I wouldn’t expect a free-to-play South Park game anytime soon.

The long-running Comedy Central show took a skewering look at free-to-play mobile games in its most recent episode last night. The plot had gaming executives trying to convince fictional Canadian superstars Terrence and Phillip to license their brand for a “freemium” game. The pair want to make sure anything with their name on it is fun, but the developers explain that they’ll make a lot more if they make it “barely fun.” It’s very obvious that South Park creators Trey Parker and Matt Stone have no love for free-to-play games — this is despite the $16 billion that consumers spent on mobile games last year.

Check out a clip where the gaming execs tell Terrence and Phillip why they need to make the game boring:

South Park explains that free-to-play games require the following:

  1. Entice the player with an easy game loop.
  2. Compliment the player with flashy casino slots-like rewards and graphics.
  3. Train players to spend the in-game currency.
  4. Then offer players the chance to spend real money for that in-game currency.
  5. Then make the game about waiting, but let them pay to avoid waiting.

That loop perfectly describes The Simpsons and Family Guy games on mobile. The Simpsons: Tapped Out and Family Guy: The Quest for Stuff are two of the highest-grossing mobile games in the world, and both use gameplay loops that are all about waiting for stuff.

If you need further evidence that South Park is talking about The Simpsons and Family Guy games, just take a look at how the fictitious Terrence and Phillip app resembles Family Guy: The Quest for Stuff:

On top is the fake Terrence and Phillip game. On bottom is the real "Family Guy" mobile app that you can get now.

Above: On top is the fake Terrence and Phillip game. On bottom is the real “Family Guy” mobile app that you can get now.

Image Credit: South Park Studios/TinyCo

And South Park is right about free-to-play games. In the episode, Canada’s minister for mobile games explains that if developers make the games “truly fun” then players would have no reason to pay for microtransactions. It goes to the heart of this business model: the incentive for free-to-play developers isn’t to figure out ways to thrill customers — it’s to figure out ways to put players into situations where they want to spend more money.

This creates games that play you as much as you’re playing them.

Take the Japanese megahit Puzzle & Dragons for example. Ostensibly, this is a colorful and simple puzzle game with role-playing elements. At its core is a Pokémon-style monster-collection gameplay loop where players want to keep grinding to find and improve their dragons. Developper GungHo Online knows how to put players into situations that create “fun pain” where the player is uncomfortable and often finds that spending money is the best way to relief that discomfort.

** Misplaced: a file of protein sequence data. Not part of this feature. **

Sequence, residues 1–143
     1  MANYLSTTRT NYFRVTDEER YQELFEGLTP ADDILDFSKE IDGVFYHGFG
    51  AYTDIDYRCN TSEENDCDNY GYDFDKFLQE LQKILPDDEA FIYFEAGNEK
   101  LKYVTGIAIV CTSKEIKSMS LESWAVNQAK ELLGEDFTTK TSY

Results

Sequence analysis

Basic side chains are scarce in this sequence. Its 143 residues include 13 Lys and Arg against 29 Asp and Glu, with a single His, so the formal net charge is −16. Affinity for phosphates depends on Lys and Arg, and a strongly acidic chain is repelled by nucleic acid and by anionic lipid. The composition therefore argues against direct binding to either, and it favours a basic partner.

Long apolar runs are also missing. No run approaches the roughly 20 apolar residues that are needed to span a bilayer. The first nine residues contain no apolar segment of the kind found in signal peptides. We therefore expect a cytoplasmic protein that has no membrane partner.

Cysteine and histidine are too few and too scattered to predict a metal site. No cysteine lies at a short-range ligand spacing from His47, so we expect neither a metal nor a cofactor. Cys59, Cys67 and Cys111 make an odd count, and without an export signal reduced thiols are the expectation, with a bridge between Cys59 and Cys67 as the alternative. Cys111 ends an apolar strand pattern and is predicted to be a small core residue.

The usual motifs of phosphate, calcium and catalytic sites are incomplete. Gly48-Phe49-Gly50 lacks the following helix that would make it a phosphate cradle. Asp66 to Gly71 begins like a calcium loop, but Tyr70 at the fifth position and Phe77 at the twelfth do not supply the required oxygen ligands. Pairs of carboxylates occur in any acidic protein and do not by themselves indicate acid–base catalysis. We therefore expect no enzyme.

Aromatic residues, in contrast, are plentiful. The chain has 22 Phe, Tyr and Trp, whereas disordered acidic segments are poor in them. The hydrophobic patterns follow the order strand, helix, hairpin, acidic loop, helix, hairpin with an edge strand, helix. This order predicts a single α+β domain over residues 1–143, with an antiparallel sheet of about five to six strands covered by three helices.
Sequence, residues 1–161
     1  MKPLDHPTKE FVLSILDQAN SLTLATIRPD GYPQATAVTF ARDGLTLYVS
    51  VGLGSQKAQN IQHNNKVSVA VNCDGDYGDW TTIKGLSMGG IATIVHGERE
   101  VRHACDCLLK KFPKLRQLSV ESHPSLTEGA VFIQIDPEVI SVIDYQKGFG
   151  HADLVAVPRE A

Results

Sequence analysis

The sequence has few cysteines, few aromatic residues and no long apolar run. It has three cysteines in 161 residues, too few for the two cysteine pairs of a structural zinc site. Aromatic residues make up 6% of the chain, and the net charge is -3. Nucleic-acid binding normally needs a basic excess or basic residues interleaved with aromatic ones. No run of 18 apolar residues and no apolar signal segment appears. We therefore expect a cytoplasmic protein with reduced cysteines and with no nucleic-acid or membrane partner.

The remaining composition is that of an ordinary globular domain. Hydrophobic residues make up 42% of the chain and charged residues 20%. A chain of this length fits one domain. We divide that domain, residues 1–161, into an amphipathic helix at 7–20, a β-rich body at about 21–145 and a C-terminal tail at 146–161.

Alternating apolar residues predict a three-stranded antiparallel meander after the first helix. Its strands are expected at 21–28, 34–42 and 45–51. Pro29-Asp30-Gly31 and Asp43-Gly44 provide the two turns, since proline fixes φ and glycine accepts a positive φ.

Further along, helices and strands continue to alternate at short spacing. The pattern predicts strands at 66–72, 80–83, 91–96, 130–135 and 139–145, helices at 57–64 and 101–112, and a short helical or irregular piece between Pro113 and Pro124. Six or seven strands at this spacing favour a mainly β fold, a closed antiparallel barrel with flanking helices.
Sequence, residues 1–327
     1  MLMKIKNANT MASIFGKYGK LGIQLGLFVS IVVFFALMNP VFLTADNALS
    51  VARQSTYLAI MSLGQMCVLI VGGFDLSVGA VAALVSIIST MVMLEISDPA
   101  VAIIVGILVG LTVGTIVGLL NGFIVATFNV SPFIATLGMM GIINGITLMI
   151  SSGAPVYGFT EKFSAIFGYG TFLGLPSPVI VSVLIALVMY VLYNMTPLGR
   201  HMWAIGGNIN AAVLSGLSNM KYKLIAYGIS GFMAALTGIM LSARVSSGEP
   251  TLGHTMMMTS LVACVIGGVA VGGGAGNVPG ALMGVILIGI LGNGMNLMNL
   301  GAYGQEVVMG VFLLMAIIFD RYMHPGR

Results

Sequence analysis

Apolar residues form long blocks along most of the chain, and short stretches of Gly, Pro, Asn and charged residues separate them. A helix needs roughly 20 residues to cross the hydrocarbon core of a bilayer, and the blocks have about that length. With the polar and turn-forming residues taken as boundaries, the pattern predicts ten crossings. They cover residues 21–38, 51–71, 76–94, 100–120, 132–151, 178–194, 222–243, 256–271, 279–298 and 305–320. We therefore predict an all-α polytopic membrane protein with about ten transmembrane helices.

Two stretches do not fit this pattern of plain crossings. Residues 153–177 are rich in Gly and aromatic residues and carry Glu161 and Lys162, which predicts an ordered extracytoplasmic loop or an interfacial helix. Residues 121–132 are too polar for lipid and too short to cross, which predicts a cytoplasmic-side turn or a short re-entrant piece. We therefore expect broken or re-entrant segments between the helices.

In Puzzle & Dragons, players go through dungeons and collect all kinds of awesome loot. You have the stuff and it’s in your bag, but you need to get out of the dungeon first or else you’ll lose all that stuff. So the game typically throws a very tough boss in front of the exit. If your character dies, all that loot is lost … unless you pay a dollar.

“To the brain, this is not just a loss of time,” game designer Ramin Shokrizade wrote in a blog on Gamasutra last June. “If I spend an hour writing a paper and then something happens and my writing gets erased, this is much more painful to me than the loss of an hour. The same type of achievement loss is in effect in [Puzzle & Dragons]. This technique alone is effective enough to make consumers of any brain-development level spend money.”

Another example of free-to-play developers trying to use players’ brains against them is the alternative in-game currencies. South Parks’ “prince of Canada” says it himself: You use fake money so that players don’t realize they are spending their actual cash.

“If real money was used — and no successful game developer does this — then the consumer would see their money going down as they play and become apprehensive,” writes Shokrizade. “This gives the consumer more opportunities to think and will reduce revenues.”

When it comes to video games, Parker and Stone speak from a place of authority. They are obviously huge gamers based on the several episodes they’ve done on the topic, but they’ve also had their hand in the creation of several South Park gaming adaptations. The biggest recent example is South Park: The Stick of Truth role-playing game from publisher Ubisoft and developer Obsidian Entertainment.

Parker and Stone worked closely with Obsidian to get the look, feel, and writing with The Stick of Truth correct. While that game probably didn’t make the South Park creators as much money as a free-to-play game would, The Stick of Truth earned a very warm reception from gamers and critics (including GamesBeat’s own glowing review).

Catch last night’s full episode right here: